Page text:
de Lange de
Klerk 1994 [44] Steinsbekk 2005
b
[54] Uncertain
c
Ailment specic
formulations
Zanasi 2014 [69]
Thinesse-Mallwitz 2015 [74]
Jong 2016 [76]
Van Haselen 2016 [78] [4]
Voss 2018 [81] Beghi 2016 [75]
Allaert 2018 [82]
Rabe 2004 [52]
Grimaldi-Bensouda 2014 [70]
Zanasi 2015 [73]
Likely effective
Oto-rhino-laryngo-
logical infections
Individualized
Prescription
Jacobs 2001 [51]
Frei 2001 [49]
Witt 2009 [62]
Nayak 2012 [67]
Sinha 2012 [66]
Fiese 1997 [45]
Trichard 2005 [56]
Possibly effective
Ailments specic
formulations
Zabolotnyi 2007 [60]
Taylor 2011 [64]
Bernstein 2011 [65]
Taylor 2014 [68]
Malapane 2014[71]
Jacobs 2016 [79]
Palm 2017 [80] [4]
Michalsen 2015 [72]
Wiesenauer 1998 [46]
Rau 2000 [48]
Gassinger 1981 [42]
Maiwald 1988 [92]
Ammerschlager 2005 [53]
Schmiedel 2006 [57]
Adler 1999 [47] Pedrero-Escalas 2016 [77]
d
Likely effective
Citation: Bellavite P, Marzotto M, Andreoli B (2019) Homeopathic Treatments of Upper Respiratory and Otorhinolaryngologic Infections: A Review of Random-
ized and Observational Studies. J Altern Complement Integr Med 5: 068.
• Page 15 of 20 •
J Altern Complement Integr Med ISSN: 2470-7562, Open Access Journal
DOI: 10.24966/ACIM-7562/100068
Volume 5 Issue 2 • 100068
Literature on homeopathy for otitis is relatively small; neverthe-
less this literature overview suggests that in many instances it is as
effective as a standard treatment. The suggestion is that management
of otitis media should begin with patient observation. At this time,
homeopathic medicines may help decrease pain and lead to faster
resolution. Key factors in implementing a “wait and watch” strategy
were (a) a method to classify AOM severity; (b) parent education; (c)
management of AOM symptoms; (d) access to follow-up care; and
(e) use of an effective antibiotic regimen, when needed. When these
caveats are observed, “wait and watch” may be an acceptable alterna-
tive to immediate antibiotics for some children with non-severe AOM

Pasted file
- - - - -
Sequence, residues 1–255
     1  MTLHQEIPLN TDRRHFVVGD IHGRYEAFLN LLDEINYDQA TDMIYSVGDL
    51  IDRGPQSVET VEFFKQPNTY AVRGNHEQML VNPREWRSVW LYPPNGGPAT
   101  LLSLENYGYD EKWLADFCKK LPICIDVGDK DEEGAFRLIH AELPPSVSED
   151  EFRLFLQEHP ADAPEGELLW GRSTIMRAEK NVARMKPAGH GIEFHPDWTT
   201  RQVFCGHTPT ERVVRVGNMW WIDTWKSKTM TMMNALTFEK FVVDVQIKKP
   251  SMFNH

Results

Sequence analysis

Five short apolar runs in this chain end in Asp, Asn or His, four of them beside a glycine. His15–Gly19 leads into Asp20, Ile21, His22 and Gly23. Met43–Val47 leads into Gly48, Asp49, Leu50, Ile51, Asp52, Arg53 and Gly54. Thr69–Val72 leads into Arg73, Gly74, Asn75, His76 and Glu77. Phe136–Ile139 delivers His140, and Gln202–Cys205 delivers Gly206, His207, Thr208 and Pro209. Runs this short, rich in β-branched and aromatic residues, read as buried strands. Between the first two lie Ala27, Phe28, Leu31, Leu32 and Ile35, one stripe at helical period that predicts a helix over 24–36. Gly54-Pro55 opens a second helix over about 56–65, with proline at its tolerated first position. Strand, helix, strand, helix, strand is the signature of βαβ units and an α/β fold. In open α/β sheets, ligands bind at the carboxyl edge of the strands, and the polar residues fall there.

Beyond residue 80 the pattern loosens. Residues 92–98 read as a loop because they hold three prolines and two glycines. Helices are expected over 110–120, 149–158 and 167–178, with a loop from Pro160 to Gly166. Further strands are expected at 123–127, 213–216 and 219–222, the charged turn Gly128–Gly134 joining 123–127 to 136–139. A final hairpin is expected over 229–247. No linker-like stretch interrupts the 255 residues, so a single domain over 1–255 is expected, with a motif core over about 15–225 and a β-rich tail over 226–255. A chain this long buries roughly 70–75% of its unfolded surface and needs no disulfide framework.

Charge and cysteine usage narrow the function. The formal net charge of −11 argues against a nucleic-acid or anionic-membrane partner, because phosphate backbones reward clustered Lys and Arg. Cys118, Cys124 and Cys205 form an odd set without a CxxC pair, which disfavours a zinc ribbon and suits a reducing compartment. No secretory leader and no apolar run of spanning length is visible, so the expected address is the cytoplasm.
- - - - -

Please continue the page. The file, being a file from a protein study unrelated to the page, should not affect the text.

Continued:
[24]. More randomized controlled studies are expected to assess the
efcacy and safety of specic formulations. The research needs to be
reproduced and its conclusions need to be conrmed, before being
used as indications in clinical practice for the general population. It
is important to remember and underline once again that “absence of
evidence” is not synonymous with “evidence of absence”.
There is sharp controversy concerning the “plausibility” of home-
opathy [120-123]. Though we do not have space here to discuss the
purported mechanisms of homeopathic effects, it is worth mentioning
that even basic in vitro experimental studies provide evidence that
the effects of homeopathic solutions differ from pure diluting solvent
[86,124-129]. The results of basic research experiments may invigo-
rate new clinical trials that investigate complementary treatments for
infectious diseases [130]. Some homeopathic medicines showed di-
rect effects on the immune system cells [131-136], or exerted antiviral
action [93,136-138].
The limitation of this study is the lack of a detailed quality analysis
of each included study, because our object was essentially descriptive
and not to draw quantitative conclusions, or clinical recommenda-
tions. Although a publication bias cannot be excluded, we assumed
that publications in peer-reviewed journal and reviewed by PubMed
had sufcient quality for inclusion, since the papers have been ex-
amined by experts in their sector before being published. Neither
have we attempted any meta-analysis of clinical trials, since there is
a marked heterogeneity between studies, either in the different meth-
ods of homeopathic treatment (e.g., Individualized or complex, worth
different drugs), or in the models of study, that in homeopathy are
still under scrutiny [139]. Others have shown that pooling data from
heterogeneous clinical trials in homeopathy and using funnel plot to
analyze papers with largely different sample sizes, as done in a fa-
mous meta-analysis on homeopathy, may lead to awed conclusions